• Also, speaking of hockey, I’m taking another set of hockey lessons. I signed up for a class called “Shoot to Score” and based on this description: “The Shoot to Score program is designed for adults wanting to exclusively improve their scoring ability. The program will incorporate skating, passing and puck control but a major emphasis will be placed on developing a players wrist shot, snapshot, back hander, slap shot, one-timer and shooting while in motion“, I made the silly mistake of thinking that I’d be learning to shoot the puck. Instead, the class is being taught as “forward” class, with the other half of the rink being “defenceman” class and then at the end of the lesson they put the two groups together and run drills against each other. I’m a bit disappointed, because I really wanted to work on my shot, which is terrible, but I am learning a bunch of stuff that I think will improve my game, so I’m still going2.
  • Speaking of lessons, our salsa dance instructors told me that I’m good enough to move on to level “Intermediate 2”3! We are just at the start of our third set of “Intermediate 1”, so I think that’s pretty good, as they actually have 4 different sets of “Intermediate 1” classes that people can go through. The problem, however, is that our instructors don’t offer “Intermediate 2” on a night that we are available, so we have to hope that in the next set of lessons, they switch up the nights or we may need to find a new dance studio.
  • Speaking of working on stuff, I’m just 17 days away from my next half marathon4! Since my usual running partner, Alicia, isn’t running this race with me, I decided to sign up for a Sunday morning running clinic that was set up to train for the BMO half, so I’d have people to run with, as the long runs start to get a bit boring by the end of the training if you don’t have company. The group is run out of Fit First in Burnaby (the same place I did my running study) and I’ve enjoyed having company to run with5.

    Here’s a photo of my running clinic group – aren’t we a good looking group?

    I have more to say about my training, but I think that I’ve got a whole blog posting on that (spoiler: there’s a spreadsheet involved!), if only I can find the time to write it. I will say that my ambitious goal, which I’m not sure I will be able to achieve, is to run a sub-2 hr half marathon, which has been on my “to do” list since forever and is currently sitting my list of goals for 2015.

  • Speaking of my “to do” list, I’ve completed yet another item off my list of 101 things to do in 1001 days: #64: Go on a Paddle Wheeler cruise down the Fraser River). Daniel and I went on this cruise last Friday and we had a really good time. We tried to take a selfie that I could put in this posting, but could not get anything even halfway decent (at least in part because I didn’t think to take a photo until after we’d gone out on the ship’s deck in the rain and my hair becomes a complete rat’s nest at the slightest sign of a drop of water). Also, by sheer coincidence, a woman from our salsa dancing class was there with a bunch of her friends, and while there was no salsa music, we all had lots of fun hitting the dance to some old school tunes mixed with some current hits.
  • And speaking about my 101 list, I’ve also knocked #7 – “Be written about in the New Westminster Record” off the list, with this article about the Arts Council of New West, where I happen to be on the board of directors. I really like the photo we had taken:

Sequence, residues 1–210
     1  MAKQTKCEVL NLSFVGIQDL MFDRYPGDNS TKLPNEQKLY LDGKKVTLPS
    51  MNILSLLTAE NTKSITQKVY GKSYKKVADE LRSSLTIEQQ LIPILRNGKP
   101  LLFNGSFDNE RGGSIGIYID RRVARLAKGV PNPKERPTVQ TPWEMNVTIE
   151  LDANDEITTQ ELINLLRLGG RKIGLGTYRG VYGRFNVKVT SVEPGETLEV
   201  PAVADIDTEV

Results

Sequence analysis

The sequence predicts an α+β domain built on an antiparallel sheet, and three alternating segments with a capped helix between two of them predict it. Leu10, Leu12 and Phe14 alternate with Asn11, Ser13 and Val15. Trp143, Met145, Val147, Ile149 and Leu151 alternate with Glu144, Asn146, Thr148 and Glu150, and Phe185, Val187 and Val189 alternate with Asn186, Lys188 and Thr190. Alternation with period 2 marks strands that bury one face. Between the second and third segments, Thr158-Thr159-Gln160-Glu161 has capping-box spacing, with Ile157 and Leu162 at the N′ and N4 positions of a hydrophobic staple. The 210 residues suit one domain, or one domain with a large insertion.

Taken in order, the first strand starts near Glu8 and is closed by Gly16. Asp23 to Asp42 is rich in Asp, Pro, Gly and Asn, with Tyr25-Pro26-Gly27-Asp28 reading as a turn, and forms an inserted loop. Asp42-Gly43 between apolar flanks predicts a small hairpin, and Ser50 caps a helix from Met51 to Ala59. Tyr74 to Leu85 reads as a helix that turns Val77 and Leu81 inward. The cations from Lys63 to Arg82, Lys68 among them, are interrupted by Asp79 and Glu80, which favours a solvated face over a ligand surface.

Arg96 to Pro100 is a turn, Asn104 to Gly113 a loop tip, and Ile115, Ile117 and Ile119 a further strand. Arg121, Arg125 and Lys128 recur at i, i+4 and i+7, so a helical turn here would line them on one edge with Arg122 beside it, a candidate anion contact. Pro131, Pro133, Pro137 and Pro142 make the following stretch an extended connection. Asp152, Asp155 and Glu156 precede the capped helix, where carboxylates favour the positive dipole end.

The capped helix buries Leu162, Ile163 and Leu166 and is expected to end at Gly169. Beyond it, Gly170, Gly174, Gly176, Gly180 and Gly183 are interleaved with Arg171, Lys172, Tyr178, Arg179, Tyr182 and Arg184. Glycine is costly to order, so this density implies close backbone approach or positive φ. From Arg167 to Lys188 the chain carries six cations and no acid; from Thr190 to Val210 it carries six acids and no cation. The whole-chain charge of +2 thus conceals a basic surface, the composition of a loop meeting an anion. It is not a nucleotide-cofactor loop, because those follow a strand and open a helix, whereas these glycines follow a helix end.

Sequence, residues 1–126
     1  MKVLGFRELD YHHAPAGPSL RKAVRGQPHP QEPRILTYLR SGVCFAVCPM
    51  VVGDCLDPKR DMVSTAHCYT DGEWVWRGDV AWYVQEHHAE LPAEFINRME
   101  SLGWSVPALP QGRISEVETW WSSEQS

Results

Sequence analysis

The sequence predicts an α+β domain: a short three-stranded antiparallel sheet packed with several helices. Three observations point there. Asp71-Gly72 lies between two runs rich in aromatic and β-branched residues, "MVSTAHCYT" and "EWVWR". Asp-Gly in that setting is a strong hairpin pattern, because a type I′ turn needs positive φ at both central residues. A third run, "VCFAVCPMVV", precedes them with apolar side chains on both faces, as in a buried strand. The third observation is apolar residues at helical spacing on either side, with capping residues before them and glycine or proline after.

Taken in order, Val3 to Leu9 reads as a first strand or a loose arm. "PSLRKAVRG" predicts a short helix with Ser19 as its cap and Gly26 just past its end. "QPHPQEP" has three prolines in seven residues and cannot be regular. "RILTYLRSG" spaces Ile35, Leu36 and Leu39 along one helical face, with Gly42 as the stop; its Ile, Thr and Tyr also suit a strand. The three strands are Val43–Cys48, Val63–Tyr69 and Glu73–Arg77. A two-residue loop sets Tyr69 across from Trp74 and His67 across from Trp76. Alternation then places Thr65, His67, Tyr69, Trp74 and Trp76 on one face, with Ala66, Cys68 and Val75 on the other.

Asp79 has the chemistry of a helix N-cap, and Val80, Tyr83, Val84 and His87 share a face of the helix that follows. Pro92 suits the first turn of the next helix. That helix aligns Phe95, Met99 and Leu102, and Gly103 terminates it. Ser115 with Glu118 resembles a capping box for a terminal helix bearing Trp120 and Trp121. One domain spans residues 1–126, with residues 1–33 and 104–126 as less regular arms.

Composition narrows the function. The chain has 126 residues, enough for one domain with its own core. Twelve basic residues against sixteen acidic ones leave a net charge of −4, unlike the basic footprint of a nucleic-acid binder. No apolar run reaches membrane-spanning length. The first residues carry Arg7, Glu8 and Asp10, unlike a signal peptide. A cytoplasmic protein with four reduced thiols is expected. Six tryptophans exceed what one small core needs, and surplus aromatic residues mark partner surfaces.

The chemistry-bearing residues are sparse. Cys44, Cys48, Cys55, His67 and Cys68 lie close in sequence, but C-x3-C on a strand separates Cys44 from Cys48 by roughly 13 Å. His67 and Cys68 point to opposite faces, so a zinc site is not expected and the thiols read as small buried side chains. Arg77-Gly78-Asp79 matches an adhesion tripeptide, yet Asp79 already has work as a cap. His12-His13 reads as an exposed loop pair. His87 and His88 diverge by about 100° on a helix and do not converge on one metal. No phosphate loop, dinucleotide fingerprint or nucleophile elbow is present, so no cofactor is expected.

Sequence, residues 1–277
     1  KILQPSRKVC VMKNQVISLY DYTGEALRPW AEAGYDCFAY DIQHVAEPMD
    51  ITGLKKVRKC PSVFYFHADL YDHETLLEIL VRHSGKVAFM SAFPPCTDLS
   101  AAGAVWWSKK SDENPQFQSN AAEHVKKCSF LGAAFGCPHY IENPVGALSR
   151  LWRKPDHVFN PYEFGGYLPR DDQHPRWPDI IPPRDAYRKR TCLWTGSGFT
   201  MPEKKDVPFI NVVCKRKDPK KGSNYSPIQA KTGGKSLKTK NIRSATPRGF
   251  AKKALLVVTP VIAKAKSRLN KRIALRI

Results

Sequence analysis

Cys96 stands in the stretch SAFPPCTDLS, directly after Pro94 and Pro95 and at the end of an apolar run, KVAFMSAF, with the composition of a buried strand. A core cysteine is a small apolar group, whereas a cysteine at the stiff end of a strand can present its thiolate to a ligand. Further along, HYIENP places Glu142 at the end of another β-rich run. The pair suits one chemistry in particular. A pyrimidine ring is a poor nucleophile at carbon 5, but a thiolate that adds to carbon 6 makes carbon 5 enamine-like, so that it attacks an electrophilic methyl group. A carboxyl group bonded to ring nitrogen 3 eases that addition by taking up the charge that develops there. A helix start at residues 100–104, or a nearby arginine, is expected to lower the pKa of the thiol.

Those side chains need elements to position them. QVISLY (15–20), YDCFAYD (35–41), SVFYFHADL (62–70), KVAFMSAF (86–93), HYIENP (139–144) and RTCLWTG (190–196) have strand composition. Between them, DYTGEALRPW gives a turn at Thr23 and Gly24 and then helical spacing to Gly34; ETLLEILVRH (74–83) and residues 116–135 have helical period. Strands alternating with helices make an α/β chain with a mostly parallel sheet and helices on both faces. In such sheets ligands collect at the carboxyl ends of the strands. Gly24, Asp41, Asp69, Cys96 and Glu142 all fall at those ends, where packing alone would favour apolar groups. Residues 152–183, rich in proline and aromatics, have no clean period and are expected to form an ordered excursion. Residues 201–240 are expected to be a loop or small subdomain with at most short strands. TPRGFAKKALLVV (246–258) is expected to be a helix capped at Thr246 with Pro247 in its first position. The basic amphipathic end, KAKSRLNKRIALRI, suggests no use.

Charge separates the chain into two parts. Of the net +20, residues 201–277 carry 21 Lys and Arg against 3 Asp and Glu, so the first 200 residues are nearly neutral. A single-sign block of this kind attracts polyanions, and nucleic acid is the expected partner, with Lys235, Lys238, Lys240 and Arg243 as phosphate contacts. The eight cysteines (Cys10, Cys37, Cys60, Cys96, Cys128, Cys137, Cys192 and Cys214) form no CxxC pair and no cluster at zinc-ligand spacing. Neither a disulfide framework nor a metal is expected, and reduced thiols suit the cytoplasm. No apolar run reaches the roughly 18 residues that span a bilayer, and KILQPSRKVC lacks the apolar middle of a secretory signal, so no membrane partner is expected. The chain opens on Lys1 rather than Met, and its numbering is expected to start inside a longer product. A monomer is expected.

For the record, I didn’t know everyone else was going to be wearing black, grey or blue when I chose a red shirt!

  • And also speaking of my 101 list, I have just booked a trip to Halifax in May, which will knock #46 – “Go to Nova Scotia” off that list and will leave me just one province short of having been to all the provinces in Canada6. I’m going to a conference in Halifax to present some of my research, which will be fun. I’ll also get to stop by Toronto on my way home to visit the fam for a few days, which will be awesome. And, as it so happens, I’ll be there for my nephew’s birthday party, which will be doubly awesome!
  • Speaking of trips, Daniel and I have registered for the Montreal full and demi-marathon, respectively, in Montreal in September. So I’ll get to see some family then too, as I have family who live there and my mom plans to go there while we are there too.
  • And speaking of seeing my family, my sister is coming to present at a conference in Vancouver in June and my mom is going to join her for the trip. The kitties are very excited to see their grandmother again and to meet their Aunt Nancy!
  • And finally, speaking of people visiting, I get to see Sarah on Sunday, as she is going to be in Seattle, so I’m going to drive down there to hang out! So excited!

So, as you can see, I am clearly doing all the things and I haven’t even talked about, you know, work, teaching, and various other gadding about that I do. I also hear there’s this cool thing called “getting enough sleep” that I’d totally love to check out someday, if I can only find the time!

  1. As a microcosm of my doing all the things, while writing this blog posting, I’m also doing laundry, doing dishes, baking cherry squares for the bake sale that my office is having tomorrow, watching the Winnipeg Jets v. Anaheim Ducks playoff game and being kneaded on by Crick. Oh, now I’m being climbed all over by Crick. Crick is really turning into quite the lap cat, especially when I’m trying to type something. []